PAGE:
Texas can use its controversial new voter ID law for the November election, the Supreme Court ruled on October 18.
A majority of the justices rejected an emergency request from the Justice Department and civil rights groups to prohibit the state from requiring voters to produce certain forms of photo identification in order to cast ballots. Three justices dissented.
Texas ID law was struck down by a federal judge last week, but a federal appeals court had put that ruling on hold. The judge found that roughly 600,000 voters, many of them black or Latino, could be turned away at the polls because they lack acceptable identification. Early voting in Texas begins Monday, October 20.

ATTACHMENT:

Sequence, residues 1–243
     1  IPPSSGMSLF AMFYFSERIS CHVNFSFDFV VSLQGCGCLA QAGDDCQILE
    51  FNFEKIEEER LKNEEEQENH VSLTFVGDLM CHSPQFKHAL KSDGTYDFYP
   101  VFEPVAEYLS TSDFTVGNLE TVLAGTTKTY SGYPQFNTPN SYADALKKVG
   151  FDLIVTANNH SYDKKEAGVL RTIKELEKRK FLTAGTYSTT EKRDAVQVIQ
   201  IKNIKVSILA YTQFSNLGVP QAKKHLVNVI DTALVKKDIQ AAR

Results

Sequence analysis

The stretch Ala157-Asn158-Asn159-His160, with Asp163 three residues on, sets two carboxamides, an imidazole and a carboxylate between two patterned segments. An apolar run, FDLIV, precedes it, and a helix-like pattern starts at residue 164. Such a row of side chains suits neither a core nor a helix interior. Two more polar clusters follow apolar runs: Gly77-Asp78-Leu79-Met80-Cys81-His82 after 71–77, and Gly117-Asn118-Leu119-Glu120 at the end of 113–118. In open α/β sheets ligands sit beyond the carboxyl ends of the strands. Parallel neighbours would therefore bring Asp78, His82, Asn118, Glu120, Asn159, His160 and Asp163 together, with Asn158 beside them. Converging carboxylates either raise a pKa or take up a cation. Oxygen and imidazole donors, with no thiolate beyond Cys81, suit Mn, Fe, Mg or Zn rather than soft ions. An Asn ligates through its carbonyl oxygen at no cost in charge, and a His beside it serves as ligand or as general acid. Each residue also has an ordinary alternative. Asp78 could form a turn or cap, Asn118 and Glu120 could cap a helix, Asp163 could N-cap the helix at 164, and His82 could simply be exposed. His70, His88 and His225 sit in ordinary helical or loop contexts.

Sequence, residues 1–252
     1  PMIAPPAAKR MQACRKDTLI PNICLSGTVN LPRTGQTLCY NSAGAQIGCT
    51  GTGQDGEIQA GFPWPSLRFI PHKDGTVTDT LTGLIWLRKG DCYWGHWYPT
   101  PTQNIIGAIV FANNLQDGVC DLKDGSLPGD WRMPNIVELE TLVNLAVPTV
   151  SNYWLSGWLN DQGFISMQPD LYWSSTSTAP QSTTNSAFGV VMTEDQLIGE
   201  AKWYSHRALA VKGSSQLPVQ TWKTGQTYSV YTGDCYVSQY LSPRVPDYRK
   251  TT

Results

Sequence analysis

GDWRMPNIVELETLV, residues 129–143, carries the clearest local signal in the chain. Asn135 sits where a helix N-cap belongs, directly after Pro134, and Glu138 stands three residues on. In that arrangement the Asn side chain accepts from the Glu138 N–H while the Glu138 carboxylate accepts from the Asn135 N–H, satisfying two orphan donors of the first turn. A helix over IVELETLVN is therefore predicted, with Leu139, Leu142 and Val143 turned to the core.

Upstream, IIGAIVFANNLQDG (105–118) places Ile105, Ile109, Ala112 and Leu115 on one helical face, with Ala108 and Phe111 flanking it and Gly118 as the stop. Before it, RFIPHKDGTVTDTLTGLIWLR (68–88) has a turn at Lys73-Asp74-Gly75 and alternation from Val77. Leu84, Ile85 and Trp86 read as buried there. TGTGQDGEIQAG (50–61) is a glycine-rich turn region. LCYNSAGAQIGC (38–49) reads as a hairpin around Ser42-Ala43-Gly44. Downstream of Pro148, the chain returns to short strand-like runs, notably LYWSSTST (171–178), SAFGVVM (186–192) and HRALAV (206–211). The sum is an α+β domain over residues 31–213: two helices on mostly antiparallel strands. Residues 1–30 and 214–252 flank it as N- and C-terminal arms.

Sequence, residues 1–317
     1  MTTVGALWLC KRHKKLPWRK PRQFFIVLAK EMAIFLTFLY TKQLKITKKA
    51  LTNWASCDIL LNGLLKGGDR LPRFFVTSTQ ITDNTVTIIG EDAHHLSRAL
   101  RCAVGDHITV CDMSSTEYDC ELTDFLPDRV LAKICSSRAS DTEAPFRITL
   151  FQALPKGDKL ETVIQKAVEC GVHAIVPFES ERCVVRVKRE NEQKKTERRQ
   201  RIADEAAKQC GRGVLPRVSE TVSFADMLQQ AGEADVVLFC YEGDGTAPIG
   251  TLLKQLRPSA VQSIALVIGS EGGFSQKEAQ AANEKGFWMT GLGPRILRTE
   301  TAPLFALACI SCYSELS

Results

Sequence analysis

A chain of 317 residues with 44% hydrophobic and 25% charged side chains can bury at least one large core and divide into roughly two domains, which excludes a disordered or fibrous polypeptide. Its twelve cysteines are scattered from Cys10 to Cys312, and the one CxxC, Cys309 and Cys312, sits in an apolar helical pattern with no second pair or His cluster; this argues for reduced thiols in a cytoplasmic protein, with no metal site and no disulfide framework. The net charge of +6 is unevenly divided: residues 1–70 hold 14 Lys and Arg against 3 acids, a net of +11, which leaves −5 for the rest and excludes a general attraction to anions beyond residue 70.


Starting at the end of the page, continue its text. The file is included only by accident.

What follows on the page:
The Supreme Court’s order was unsigned, as it typically is in these situations. Justices Ruth Bader Ginsburg, Sonia Sotomayor and Elena Kagan dissented, saying they would have left the district court decision in place.
The law sets out seven forms of approved ID, a list that includes concealed handgun licenses but not college student IDs, which are accepted in other states with similar measures.